Queensland Rail Stabling Program: Frequently asked questions


Q. What is a stabling facility?

A. A stabling facility is a place where trains are parked when they are not in operation. Typically, trains return to the stabling facility at the end of service and until they are required again.


Q. Why does Queensland Rail need more stabling facilities?

A. Additional stabling facilities are required to meet the growing demand for rail services in South East Queensland and to service the increase in size of the rolling stock fleet starting in 2016.


Q. What happens at a stabling facility?

A. Trains parked in a stabling facility are cleaned internally and prepared for the next day's service. This includes removing waste, decanting (emptying toilets) and other routine inspections. Other maintenance and external cleaning is undertaken at Queensland Rail’s dedicated maintenance facilities such a Bowen Hills and the soon to be constructed site at Wulkuraka.   


Q. Do stabling facilities generate noise?

A. Trains most frequently arrive at our stabling facilities at the end of the last service of the day and depart up to an hour prior to the first scheduled service of the day. Some noise will be generated as result of train movements and other activities associated with the general operations of the stabling facility.

Noise associated with the use of audible safety warning devices such as train horns, will be generated as part of stabling operations. The use of audible safety devices will be restricted to the minimum required to maintain the safety of staff and/or members of the public. At Woombye a maximum of four trains will arrive for overnight stabling and depart for morning service.

For work health and safety reasons, air-conditioning units must continue to operate while parked trains are being cleaned. Queensland Rail and The Department of Transport and Main Roads (DTMR) are working closely with the New Generation Rollingstock (NGR) design team to investigate options that will limit air conditioning usage while NGR trains are stabled overnight to minimise noise impacts.

Queensland Rail is committed to mitigating noise from its activities and potential noise impacts associated with all new stabling facilities are independently and objectively assessed. All activities associated with the design, construction and operation of stabling facilities will incorporate a commitment to minimise rail noise impacts as far as reasonable and practicable.

Additional information about how Queensland Rail manages rail noise, can be found at here.

Q. Why were these sites chosen?

A. The location of stabling facilities helps to increase reliability, reduce network operating costs, improve network capacity by relieving congestion and ensuring faster response times in case of train failure.

A feasibility study was undertaken to identify the optimum locations for new stabling facilities.  This study investigated potential sites using various criteria including operational suitability, technical feasibility, land use planning, environmental impacts and social considerations.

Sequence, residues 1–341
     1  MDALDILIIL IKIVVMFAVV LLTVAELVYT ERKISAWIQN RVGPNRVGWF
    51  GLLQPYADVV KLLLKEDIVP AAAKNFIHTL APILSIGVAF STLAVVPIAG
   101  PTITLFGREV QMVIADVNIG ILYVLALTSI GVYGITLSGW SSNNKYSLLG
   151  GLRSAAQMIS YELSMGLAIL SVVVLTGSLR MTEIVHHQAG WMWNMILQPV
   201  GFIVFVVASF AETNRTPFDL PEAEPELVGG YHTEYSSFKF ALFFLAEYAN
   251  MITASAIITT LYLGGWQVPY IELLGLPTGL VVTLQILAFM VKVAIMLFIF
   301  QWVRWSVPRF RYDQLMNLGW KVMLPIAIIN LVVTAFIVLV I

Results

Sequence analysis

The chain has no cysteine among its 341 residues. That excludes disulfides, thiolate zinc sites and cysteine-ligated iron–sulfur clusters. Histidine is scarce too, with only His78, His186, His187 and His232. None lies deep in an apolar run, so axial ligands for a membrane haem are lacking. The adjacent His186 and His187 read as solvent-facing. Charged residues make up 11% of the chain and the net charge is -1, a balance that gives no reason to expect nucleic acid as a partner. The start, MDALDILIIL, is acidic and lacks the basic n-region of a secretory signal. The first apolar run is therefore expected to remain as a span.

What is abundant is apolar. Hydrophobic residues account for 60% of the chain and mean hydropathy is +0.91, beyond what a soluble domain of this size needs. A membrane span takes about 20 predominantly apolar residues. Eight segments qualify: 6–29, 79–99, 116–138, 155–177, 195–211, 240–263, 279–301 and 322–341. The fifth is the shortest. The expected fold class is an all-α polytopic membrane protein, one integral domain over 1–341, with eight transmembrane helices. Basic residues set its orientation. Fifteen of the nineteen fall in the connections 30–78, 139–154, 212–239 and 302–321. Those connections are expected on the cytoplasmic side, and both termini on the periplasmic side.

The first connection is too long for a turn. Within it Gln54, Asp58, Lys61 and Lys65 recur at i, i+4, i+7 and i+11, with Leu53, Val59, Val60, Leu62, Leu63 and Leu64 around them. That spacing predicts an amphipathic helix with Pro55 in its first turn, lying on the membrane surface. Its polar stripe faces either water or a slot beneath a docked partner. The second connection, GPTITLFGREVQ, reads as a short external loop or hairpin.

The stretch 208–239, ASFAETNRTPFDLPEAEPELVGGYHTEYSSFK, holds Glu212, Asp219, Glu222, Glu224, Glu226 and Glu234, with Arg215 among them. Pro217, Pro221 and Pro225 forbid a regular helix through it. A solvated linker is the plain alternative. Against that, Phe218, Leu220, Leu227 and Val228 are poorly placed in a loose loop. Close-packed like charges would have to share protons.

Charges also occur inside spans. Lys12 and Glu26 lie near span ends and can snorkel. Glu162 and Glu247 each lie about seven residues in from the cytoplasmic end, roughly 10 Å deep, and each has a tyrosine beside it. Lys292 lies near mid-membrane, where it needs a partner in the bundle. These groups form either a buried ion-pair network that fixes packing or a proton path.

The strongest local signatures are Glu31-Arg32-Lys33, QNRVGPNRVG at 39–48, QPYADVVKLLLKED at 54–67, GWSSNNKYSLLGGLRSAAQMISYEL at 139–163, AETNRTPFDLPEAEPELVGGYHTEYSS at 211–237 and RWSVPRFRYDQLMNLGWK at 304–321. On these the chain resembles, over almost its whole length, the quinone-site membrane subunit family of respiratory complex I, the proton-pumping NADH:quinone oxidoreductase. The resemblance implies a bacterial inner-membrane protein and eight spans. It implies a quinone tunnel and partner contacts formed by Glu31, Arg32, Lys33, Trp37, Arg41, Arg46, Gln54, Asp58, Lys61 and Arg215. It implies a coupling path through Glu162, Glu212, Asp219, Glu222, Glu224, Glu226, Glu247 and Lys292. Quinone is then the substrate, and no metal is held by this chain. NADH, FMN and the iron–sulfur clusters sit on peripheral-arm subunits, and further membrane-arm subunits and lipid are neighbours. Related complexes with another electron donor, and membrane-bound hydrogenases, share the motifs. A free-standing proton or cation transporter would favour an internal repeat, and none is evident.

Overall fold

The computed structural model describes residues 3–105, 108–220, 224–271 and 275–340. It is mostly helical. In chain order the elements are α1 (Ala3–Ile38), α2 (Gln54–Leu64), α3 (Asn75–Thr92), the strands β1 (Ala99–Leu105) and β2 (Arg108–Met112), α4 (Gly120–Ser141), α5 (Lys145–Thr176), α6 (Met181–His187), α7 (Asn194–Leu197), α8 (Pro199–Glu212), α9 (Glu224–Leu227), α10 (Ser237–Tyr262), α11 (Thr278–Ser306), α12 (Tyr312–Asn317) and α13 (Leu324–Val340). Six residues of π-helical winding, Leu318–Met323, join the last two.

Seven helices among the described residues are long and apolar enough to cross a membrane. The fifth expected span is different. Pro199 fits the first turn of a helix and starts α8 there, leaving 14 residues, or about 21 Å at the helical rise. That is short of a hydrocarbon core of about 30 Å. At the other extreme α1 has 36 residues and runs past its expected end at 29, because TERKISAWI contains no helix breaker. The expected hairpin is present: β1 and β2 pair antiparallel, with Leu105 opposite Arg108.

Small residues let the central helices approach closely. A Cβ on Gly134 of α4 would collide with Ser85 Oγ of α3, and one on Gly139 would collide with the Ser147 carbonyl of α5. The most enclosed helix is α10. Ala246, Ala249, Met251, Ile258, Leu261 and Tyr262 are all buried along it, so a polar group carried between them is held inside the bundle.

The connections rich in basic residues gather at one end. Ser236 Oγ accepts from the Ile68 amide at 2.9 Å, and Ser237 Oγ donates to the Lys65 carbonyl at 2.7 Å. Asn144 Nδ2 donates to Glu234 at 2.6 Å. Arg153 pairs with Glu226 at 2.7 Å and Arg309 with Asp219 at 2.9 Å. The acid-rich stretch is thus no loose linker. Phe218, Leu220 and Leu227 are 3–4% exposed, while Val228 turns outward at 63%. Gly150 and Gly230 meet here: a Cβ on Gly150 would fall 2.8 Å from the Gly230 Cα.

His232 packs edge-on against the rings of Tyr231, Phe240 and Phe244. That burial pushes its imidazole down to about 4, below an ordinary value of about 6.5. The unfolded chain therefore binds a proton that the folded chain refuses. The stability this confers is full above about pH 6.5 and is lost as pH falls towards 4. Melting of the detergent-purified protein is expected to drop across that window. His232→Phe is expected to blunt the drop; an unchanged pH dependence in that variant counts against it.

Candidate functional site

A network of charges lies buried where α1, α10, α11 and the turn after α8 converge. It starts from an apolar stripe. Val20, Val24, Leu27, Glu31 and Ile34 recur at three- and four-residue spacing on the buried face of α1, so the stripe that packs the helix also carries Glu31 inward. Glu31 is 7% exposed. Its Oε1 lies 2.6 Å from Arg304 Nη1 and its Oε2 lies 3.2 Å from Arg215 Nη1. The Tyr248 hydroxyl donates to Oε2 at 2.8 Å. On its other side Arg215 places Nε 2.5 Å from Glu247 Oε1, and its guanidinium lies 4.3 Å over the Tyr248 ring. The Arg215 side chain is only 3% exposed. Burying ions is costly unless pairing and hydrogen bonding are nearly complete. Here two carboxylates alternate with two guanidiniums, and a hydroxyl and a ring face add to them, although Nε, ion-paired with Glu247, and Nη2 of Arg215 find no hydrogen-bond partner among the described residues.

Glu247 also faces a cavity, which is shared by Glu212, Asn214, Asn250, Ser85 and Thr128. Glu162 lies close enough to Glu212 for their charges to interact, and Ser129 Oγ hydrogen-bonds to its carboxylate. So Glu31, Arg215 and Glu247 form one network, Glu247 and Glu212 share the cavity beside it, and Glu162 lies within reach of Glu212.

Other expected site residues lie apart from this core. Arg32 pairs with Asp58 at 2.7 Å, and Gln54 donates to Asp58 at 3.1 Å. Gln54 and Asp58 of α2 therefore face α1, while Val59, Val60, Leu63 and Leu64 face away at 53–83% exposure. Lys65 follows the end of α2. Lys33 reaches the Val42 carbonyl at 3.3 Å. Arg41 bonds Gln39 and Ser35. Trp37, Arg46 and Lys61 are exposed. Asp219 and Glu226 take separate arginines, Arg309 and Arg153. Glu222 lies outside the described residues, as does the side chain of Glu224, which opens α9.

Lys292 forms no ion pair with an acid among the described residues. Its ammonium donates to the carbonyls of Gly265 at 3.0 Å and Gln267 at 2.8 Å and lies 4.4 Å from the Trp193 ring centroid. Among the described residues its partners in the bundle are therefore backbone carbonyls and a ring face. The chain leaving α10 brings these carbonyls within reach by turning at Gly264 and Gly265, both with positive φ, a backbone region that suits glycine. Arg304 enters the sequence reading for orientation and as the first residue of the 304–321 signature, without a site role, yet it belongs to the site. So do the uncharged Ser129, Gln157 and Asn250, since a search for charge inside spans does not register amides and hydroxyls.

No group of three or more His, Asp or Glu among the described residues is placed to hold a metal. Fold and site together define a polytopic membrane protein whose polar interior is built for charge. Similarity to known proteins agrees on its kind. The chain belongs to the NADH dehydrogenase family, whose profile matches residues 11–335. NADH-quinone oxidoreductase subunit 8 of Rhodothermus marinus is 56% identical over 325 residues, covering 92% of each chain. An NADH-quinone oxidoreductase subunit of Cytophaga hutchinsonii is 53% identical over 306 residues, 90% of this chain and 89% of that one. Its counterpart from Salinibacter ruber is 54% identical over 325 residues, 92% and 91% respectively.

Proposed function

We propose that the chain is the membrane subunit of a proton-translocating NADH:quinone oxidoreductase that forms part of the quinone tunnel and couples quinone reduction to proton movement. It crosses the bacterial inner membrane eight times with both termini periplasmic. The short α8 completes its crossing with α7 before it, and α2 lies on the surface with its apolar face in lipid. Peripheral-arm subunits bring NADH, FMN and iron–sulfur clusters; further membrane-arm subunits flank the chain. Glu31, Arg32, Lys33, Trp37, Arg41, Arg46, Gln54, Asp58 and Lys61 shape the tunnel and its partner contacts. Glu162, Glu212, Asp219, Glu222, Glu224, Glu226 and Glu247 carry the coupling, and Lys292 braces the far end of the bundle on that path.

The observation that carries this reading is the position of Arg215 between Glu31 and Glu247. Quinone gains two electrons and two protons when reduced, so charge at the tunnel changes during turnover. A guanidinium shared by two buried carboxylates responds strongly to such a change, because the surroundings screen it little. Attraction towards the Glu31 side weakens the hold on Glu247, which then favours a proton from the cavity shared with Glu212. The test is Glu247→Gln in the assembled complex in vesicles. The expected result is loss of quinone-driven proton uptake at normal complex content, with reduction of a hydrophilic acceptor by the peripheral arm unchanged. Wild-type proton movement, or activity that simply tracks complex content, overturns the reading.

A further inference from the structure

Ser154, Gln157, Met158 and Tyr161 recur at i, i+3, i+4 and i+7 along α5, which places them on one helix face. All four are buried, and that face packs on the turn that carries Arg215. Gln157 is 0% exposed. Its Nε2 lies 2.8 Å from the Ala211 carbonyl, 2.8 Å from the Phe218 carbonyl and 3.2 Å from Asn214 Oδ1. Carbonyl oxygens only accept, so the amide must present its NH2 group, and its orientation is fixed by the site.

Q. Will there be bright lights?

A. As most activities occur at night, stabling facilities have lighting installed for the safety of staff and for site security.
Modern lighting technology and design criteria aim to minimise light spread from the facility while maintaining the minimum standards within the facility.


Q. What does a typical stabling facility look like

A. A typical stabling facility is a fenced, open-air site with train tracks, connections to the main line, overhead power supply, signalling and communication systems, CCTV and lighting.  The compound will contain a building to support stabling operations. This will provide crew facilities such as offices and staff amenities, and stores for cleaning materials. There will be provision for staff parking, access roads and walkways.

All new facilities will incorporate state of the art systems in relation to light, noise and security requirements. The lighting used by Queensland Rail is directional LED lighting (for mitigation of light spill) with lighting maintained at a minimum level of lux unless activated by movement (low level).


Q. Where are trains currently stabled?

A. Queensland Rail currently has stabling facilities at Mayne Yard (Bowen Hills), Caboolture, Ipswich, Redbank, Robina and Beenleigh.  A number of rail sidings at Nambour, Petrie, Manly and Gympie North are used to stable trains.


Q. Does this mean there will be more trains?

A. Service frequency is determined by scheduled timetable.


Q. While the stabling facility contribute to an increase in criminal activity and vandalism?

A. Localised and effective security measures will be in place to deter crime and vandalism.  The measures will include restricted access to the facility, remotely monitored security cameras, motion detectors and high security fences.

Page last updated: 08/05/15

More information

Queensland Rail Stabling Program
Site Selections
​Further questions and feedback
Frequently asked q​uestions

Stabling enquiries

  • Phone: 1800 783 334 (free call from anywhere in Australia. Check with your service provider for call costs.)
  • Email: stabling@qr.com.au